Today’s challenge is to write an elegy. For some reason I felt the need to experiment with random operations, which I’ll explain after. Here’s the result:
Frigate, pogo, spiroid, you flee our black nimbi,
You come out of our ruckus to enter into glosseme;
And from this monarch your nape radiates to pure sumptuary.
I who knew you in the bedlam of yucca, who loved you,
I who, more than once, in the rarefied beauty of our winnings,
When lost, leaned on your faithful soundness,
I, whitened by deals snowing down on my heart,
I remember tinder gone by, and, dreaming
Of that young pastel that saw our two dazzlings,
Of moorland of stoving, of the resounding crucible,
Of the new article offered to the master shouting : yes,
I listen to this great sublime winking, now faded.
For my elegy, I first translated the one Victor Hugo wrote to his friend, poet Théophile Gautier. Then I replaced each noun with n+6, that is, with the sixth noun after that noun in my dictionary. The resulting poem has much silliness but a few images I like, like the bedlam of yucca and listening to the great sublime winking. And somehow it still captures the relationship between these two poets. Interesting how this elegy is much more about “I” than the addressee.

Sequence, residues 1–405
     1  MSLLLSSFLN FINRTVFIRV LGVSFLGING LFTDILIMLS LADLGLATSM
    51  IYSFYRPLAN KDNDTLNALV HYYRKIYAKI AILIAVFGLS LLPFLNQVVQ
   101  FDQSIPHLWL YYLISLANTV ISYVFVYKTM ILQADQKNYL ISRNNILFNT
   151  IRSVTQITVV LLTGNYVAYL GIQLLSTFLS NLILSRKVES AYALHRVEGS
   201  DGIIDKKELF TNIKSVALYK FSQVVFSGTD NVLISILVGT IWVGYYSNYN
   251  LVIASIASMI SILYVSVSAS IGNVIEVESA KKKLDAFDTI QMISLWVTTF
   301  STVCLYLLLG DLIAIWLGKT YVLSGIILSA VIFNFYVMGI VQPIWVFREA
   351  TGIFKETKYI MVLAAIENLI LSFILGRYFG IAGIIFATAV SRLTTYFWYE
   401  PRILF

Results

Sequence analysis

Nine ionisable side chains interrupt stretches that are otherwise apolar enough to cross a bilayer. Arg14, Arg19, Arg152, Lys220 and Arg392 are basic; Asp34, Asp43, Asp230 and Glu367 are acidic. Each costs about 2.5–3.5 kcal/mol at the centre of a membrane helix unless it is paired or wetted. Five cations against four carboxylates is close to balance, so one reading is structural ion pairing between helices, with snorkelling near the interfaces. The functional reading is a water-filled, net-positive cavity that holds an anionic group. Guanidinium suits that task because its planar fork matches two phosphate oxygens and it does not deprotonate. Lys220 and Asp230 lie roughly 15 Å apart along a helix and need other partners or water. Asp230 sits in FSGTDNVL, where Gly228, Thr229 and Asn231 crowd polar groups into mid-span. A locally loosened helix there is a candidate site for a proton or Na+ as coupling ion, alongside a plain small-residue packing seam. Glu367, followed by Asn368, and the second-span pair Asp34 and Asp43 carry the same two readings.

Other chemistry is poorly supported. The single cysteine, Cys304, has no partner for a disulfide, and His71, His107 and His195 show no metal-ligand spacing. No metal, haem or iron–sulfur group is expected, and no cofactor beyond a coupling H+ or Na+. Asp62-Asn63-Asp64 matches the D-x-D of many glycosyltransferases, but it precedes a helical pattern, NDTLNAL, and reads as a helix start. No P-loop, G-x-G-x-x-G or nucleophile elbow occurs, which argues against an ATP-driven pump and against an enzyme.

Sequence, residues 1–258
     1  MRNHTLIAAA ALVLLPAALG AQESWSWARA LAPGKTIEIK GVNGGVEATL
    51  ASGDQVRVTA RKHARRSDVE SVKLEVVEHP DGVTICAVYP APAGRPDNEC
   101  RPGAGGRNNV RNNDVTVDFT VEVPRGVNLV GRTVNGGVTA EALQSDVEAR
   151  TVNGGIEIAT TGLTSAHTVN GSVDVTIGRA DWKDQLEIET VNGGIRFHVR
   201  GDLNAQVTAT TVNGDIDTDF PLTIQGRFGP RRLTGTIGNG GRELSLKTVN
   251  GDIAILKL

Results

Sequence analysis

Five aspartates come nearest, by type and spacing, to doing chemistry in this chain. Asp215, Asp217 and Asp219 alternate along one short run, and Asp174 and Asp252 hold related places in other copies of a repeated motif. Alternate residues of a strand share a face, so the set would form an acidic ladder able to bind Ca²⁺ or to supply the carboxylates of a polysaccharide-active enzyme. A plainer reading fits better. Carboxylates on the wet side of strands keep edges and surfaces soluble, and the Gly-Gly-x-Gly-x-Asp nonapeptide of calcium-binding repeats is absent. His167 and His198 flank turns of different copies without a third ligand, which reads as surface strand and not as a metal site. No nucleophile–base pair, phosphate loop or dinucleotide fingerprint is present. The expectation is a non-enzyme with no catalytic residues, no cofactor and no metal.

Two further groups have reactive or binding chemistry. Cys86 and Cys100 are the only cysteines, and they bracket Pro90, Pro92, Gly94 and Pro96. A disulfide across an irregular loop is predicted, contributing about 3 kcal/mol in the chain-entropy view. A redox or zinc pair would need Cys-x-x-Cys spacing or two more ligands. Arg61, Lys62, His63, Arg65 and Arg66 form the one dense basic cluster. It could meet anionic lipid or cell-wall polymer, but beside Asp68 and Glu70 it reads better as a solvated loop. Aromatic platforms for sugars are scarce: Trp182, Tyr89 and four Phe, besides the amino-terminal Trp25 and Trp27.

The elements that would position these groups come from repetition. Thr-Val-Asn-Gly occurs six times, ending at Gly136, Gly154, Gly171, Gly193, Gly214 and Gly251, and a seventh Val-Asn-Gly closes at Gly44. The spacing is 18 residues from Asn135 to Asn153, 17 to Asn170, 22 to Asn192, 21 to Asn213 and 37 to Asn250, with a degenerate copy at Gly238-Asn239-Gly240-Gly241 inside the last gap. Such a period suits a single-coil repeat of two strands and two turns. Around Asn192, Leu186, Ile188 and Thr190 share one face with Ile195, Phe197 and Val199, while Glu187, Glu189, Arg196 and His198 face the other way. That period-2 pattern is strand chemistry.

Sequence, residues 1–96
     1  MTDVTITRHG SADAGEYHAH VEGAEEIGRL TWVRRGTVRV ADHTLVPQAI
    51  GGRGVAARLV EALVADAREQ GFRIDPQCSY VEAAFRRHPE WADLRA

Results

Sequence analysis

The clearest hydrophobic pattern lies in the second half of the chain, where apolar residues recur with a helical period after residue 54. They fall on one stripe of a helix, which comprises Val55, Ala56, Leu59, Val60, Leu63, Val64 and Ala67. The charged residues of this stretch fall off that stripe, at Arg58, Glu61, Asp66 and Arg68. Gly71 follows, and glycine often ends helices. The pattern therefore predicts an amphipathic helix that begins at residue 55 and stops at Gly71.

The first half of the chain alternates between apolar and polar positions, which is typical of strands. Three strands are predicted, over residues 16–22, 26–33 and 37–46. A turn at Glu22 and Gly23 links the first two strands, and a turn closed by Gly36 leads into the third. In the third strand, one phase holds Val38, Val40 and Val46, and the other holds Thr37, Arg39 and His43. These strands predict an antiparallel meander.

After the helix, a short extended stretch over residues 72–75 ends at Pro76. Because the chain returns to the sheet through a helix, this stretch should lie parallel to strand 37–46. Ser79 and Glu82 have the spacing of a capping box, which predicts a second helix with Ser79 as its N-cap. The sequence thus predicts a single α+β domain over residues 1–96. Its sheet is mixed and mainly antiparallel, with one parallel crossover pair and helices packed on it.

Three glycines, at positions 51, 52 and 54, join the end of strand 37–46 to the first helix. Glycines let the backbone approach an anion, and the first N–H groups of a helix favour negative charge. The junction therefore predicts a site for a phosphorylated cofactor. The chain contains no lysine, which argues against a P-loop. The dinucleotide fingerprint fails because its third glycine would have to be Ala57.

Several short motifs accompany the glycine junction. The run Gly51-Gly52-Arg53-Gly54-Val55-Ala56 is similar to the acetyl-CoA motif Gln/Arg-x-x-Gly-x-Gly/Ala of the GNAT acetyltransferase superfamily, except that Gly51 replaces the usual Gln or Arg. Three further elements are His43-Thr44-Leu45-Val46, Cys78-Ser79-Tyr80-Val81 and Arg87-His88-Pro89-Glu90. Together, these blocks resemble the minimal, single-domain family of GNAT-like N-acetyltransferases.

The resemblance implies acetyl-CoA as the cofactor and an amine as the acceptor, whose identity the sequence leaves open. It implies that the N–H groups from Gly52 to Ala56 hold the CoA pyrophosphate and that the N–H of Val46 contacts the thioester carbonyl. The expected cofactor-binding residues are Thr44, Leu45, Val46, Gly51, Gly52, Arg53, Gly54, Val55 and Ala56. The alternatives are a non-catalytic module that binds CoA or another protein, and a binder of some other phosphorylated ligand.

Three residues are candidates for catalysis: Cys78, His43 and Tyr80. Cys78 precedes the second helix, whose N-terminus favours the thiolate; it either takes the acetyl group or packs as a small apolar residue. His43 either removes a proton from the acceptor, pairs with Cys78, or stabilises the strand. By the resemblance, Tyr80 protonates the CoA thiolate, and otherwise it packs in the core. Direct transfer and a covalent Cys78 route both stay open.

Here is Hugo’s poem:
A Théophile Gautier
Ami, poète, esprit, tu fuis notre nuit noire,
Tu sors de nos rumeurs pour entrer dans la gloire;
Et désormais ton nom rayonne aux purs sommets.
Moi qui t’ai connu jeune et beau, moi qui t’aimais,
Moi qui, plus d’une fois, dans nos altiers coups d’aile,
Eperdu, m’appuyais sur ton âme fidèle,
Moi, blanchi par les jours sur ma tète neigeant,
Je me souviens des temps écoulés, et, songeant
A ce jeune passé qui vit nos deux aurores,
A la lune, a l’orage, aux arènes sonores,
A l’art nouveau qui s’offre, au peuple criant: oui,
J’écoute ce grand vent sublime évanoui.